The Bluest Eye and Sula is an article that uses third person, as well as the inversion narrative technique. The inversion technique helps readers to understand that the novel was modified from the film adaptation of the novel Limitations of life (Tally, 13). This technique helps readers to relate to the experiences of the characters from the perspective of another story by a different author. The experience gained from the initial source is carried on in the article. Suranyi’s article analyzes the Toni Morrison’s story from her perspective. She uses third person narrative style to refer to the events revealed by Morrison in her novel. For example when she says, “Pecola, desperately trying to escape the squalor of her life, finds that she can will her body to disappear, limb by limb, piece by piece, but never manages to free herself of her eyes, her invisibility never quite complete” (Tally, 12). This line gives readers an insight of Pecola’s traumatizing life from Suranyi’s point of view. On the other hand, Suranyi says, “At the novel’s end she has been raped by her father, lost the baby she was carrying, been driven into madness, but continues her quest for “the bluest eyes,” conversing with her imaginary friend, her double. Ironically, having been denied a sense of self and a voice to articulate her pain, in the end an insane Pecola has found not one, but two voices”( Tally, 15). This statement also reveals the traima’s in Pecola’s life. Suranyi uses third person to inform readers that Pecola had an imaginary friend. Through Suranyi’s article, the readers also understand that the Pecola could only confide in her imaginary friend. She wanted to be like Shirley, who is believed to be beautiful because she is white and has blue eyes. According to the characters in the article, Shirley had the ideal beauty. For this reason, Pecola developed self-hatred because she could not be like Shirley. The line “Her lack of self-esteem is generated by her alleged ugliness· and also by the neglect, abuse, and contempt heaped upon her” (Tally, 15). Suranyi’s article also highlights the shift from ‘I’ to ‘we’ in Morrison’s novel. Through this shift, readers discover that the narrator was present when the events took place. this is evident in the line “All of us … felt so wholesome after we cleaned ourselves on her. We were so beautiful when we stood astride her ugliness … Her inarticulateness made us believe we were eloquent. Her poverty kept us generous”. Through Suranyi’s analysis of the novel, the audience get a profound indulgence of the novel.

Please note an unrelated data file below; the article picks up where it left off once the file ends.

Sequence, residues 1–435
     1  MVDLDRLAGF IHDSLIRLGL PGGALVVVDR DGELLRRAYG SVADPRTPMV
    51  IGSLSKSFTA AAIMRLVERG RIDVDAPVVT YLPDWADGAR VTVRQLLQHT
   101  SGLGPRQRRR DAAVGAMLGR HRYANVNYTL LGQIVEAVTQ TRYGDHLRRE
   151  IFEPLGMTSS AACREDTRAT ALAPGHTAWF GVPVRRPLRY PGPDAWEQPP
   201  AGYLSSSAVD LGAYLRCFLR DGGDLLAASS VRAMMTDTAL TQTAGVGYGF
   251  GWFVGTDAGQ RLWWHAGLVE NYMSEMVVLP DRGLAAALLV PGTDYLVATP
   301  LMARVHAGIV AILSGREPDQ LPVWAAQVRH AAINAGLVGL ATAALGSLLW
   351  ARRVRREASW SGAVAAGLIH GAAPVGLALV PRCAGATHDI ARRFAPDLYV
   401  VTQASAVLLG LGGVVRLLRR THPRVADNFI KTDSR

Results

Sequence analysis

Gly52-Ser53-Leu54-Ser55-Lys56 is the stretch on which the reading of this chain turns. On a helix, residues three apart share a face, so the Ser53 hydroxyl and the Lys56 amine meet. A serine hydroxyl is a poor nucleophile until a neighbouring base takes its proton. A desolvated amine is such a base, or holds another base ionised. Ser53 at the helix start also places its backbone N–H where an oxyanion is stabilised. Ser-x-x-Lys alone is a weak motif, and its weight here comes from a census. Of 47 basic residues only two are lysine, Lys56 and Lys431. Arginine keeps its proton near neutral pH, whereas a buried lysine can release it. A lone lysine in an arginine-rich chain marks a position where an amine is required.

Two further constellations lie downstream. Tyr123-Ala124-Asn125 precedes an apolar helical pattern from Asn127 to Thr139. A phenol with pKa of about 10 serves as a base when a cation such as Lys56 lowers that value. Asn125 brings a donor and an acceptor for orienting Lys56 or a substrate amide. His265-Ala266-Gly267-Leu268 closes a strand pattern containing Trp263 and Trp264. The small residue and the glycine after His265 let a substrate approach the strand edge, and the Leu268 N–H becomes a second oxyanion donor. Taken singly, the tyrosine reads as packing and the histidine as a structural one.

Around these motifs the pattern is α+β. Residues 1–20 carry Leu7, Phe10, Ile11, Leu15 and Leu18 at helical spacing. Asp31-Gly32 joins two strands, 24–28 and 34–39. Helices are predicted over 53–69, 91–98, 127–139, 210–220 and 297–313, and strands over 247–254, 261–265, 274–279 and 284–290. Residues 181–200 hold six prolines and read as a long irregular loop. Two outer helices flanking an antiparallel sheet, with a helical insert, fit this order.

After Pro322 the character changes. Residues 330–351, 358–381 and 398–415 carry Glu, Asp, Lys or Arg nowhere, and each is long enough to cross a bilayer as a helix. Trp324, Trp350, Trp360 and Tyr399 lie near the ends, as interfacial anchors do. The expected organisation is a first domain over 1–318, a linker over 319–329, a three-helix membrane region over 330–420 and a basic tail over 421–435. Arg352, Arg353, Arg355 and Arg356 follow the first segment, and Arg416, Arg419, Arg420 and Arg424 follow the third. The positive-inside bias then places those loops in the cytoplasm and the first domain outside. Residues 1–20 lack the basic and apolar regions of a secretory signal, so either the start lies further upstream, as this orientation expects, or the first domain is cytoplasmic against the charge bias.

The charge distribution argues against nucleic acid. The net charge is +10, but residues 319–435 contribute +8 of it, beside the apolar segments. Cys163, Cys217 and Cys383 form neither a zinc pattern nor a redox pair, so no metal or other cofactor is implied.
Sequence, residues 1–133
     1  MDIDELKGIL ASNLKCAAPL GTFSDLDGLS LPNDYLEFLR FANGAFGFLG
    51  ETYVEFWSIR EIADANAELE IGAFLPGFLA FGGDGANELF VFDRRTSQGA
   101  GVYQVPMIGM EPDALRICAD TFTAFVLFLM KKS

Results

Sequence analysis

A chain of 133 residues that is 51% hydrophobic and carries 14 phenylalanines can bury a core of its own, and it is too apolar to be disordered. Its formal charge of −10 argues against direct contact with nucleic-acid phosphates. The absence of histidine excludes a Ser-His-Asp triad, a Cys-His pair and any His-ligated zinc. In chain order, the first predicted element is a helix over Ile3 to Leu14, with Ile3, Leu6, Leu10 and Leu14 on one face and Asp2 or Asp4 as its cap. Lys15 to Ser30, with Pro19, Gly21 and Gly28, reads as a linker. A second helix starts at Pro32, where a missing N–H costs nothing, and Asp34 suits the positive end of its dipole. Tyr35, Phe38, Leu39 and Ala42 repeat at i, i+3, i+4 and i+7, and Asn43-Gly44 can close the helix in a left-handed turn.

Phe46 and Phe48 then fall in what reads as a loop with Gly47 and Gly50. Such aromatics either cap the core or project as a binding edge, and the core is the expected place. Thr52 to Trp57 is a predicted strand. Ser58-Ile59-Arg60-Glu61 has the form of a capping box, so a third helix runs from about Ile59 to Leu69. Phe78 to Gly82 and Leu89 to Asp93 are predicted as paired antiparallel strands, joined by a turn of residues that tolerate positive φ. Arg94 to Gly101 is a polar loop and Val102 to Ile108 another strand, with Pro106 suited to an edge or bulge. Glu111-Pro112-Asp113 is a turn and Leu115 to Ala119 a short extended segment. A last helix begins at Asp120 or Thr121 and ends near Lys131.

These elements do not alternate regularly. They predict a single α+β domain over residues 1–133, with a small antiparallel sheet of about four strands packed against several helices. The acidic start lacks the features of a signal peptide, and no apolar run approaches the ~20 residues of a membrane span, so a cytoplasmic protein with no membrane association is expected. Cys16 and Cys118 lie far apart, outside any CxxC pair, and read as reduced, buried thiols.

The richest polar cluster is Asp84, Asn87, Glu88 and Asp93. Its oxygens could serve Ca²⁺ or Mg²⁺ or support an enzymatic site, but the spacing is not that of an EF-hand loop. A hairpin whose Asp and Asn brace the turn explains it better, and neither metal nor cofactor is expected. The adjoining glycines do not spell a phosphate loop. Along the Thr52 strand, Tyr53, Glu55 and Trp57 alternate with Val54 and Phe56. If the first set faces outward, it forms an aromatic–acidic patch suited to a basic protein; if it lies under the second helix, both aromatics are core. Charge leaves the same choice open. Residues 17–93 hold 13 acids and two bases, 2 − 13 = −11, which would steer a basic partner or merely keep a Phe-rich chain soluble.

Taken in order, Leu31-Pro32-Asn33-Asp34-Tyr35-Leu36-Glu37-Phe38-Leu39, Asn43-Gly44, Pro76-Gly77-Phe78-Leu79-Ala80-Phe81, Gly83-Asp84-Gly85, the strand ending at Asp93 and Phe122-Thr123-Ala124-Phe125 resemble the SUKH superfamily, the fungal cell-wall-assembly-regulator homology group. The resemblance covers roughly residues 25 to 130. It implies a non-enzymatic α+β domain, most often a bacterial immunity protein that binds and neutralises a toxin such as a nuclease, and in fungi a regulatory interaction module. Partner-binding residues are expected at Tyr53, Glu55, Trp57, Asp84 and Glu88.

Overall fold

”Can’t Nobody Fly with All That Shit” is an article by Bouson Brooks, which analyzes Toni Morrison’s novel, Song of Solomon. The article mostly uses third person technique although there are instances where Bouson quotes directly from Morisson’s novel for emphasis. For instance, Bouson uses third person when he says “Song of Solomon ·is addressed, in part, to middle-class African Americans, especially males, who have a kind. of amnesia about their cultural history” to reveal the trauma faced by the black Americans after they realized their origins. This people boast around because they think they have been part of the western culture since its inception. They realize that they are a shameful lot because they had no voice during the time of slavery. Most of those who have developed the boisterous nature of the western culture become traumatized when given stories of the slavery of their ancestors. Most African Americans from the middle class boast about their position in the American society but this pride is limited by the fact that they have slave origins (Bouson, 76). The narrator in the article explains Morrison’s view of the black pride through analysis of her story Songs Of Solomon. The narrator tries to explain the trauma in this story by analyzing various concepts in the story. The narrator uses first and third person to inform readers about the idea of black masculinity and trauma from the perspective of the characters, Morrison as well as his own perspective. This narration style ensures that readers acquire maximum understanding of the concepts of trauma in the novel.